by Greg Allard
Film Review: Trainwreck Rated: R Director: Judd Apatow Written by Amy Schumer Genre: Romantic Comedy
Release Date: July 17, 2015 Starring: Amy Schumer, Brie Larson, Colin Quinn, Bill Hader, LeBron James, Amare Stoudemire, Mike Birbiglia, Dave Attell, Vanesa Bayer
7.8 out of 10 on the Garga Scale
Amy Schumer’s first major film role is a good one as “Amy,” a journalist and loving daughter of a grumpy multiple-sclerosis suffering Met’s fan named Gordon played by Colin Quinn. Amy has taken on an anti-manogomy stance, not unlike her dad. Maybe being commitment-phobic is more like it, as her hungry sexual appetite and no call-back policy leads her through a series of one-night stands.
Due to his illness, Gordon has to go to a depressing but plush retirement home before his time and Amy and her sister often argue over whether or not their father deserves such an expensive place to live out his years. Amy feels guilty about her dad moving to a home at all and her sister Kim thinks her dad, who never treated their mother right and who years earlier slept with some of her and her sister’s friends, deserves whatever he gets.
Brie Larson plays Kim, Amy’s younger but more traditional sister, who has rebelled against her dad’s past behavior and is less accepting than Amy of who he really is. One of the better quirks of the film is Kim’s husband Tom, played by Mark Birbiglia, a sweet but wet-noodle of a brother-in-law who is easy to make fun of and easy to love at the same time. His relationship with his son from a previous marriage is one of the most annoying and eventually endearing parts of the movie.
Amy is a self-centered, often drunk, and sarcastic lovable protagonist. When she accepts an assignment to write an article about a successful pro sports medicine doctor, played by SNL alumni Bill Hader (Aaron), she acts almost bigoted to sports and athletes in general. When interviewing Aaron, she has to make-believe she knows something about sports, which he calls her on. When she has to admit it, a crack of her vulnerability shows and Aaron eventually becomes her love interest – something she is not always so comfortable with.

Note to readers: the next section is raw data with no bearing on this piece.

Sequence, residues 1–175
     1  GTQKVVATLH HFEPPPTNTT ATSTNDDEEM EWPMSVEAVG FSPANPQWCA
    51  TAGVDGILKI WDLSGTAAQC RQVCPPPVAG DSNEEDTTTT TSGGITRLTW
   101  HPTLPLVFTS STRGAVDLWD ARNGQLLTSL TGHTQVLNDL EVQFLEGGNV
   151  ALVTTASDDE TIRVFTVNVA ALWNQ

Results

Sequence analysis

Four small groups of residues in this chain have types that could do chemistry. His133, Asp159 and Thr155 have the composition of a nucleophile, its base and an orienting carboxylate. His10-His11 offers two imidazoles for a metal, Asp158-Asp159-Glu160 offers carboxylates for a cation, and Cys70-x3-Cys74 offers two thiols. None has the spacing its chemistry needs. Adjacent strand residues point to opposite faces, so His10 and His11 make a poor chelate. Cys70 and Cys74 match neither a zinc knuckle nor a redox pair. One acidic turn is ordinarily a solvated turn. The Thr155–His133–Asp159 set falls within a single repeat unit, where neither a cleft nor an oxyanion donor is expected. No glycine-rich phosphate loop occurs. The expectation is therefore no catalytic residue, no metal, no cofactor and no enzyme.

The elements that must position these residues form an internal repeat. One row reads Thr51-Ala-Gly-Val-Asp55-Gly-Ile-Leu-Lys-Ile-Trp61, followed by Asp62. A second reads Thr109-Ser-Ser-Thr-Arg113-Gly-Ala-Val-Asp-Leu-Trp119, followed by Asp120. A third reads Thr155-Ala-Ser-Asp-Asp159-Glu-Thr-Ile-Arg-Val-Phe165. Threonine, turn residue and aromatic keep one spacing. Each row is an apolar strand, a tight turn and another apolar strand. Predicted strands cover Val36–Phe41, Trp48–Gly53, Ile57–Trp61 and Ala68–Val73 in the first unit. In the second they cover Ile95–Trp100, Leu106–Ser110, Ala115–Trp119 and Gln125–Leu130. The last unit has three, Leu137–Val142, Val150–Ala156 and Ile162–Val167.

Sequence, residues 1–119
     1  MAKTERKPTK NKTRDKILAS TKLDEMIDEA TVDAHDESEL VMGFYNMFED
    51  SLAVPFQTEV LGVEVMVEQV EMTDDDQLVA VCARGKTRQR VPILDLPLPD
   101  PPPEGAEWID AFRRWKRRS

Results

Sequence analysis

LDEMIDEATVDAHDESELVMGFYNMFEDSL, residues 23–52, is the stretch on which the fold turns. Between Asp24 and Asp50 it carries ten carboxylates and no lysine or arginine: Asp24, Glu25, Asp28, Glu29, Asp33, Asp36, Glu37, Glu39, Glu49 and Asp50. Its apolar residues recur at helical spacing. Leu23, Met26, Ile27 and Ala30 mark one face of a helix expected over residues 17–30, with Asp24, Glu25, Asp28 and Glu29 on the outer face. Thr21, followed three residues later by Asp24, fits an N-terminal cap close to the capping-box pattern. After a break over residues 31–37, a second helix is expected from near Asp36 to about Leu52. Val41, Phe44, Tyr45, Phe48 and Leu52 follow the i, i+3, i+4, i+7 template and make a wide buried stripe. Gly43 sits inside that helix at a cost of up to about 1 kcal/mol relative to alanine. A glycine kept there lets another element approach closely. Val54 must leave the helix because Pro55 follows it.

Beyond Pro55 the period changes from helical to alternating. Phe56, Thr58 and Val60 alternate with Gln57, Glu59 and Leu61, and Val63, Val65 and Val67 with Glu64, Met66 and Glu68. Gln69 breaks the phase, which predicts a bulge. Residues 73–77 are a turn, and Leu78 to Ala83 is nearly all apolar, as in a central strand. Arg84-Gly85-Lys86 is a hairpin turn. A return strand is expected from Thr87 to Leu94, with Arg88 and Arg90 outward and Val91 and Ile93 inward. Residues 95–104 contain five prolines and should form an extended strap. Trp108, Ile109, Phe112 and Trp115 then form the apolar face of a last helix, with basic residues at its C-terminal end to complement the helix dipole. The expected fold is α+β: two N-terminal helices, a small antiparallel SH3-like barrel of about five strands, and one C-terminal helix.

While Aaron is portrayed as a reasonable and near perfect boyfriend, his sappy demeanor is a little over-the-top for me. But then again, perhaps he has to be so easy-going for the relationship with the rough-around-the-edges Amy to ever have a chance in hell of working out.
LeBron James and Amare Stoudemire both do a commendable job of being both Aaron’s friend and patient. The scenes with both of them are humorous, particularly when Aaron show up for his Stoudemire’s knee surgery in not exactly the best shape to conduct an operation.
LeBron is particularly protective of Aaron and let’s Amy know it in no uncertain terms. The question that naturally arises from this romantic-comedy is will they or won’t they — not have sex — but end up together. I’m not going to spoil that part for you, don’t worry.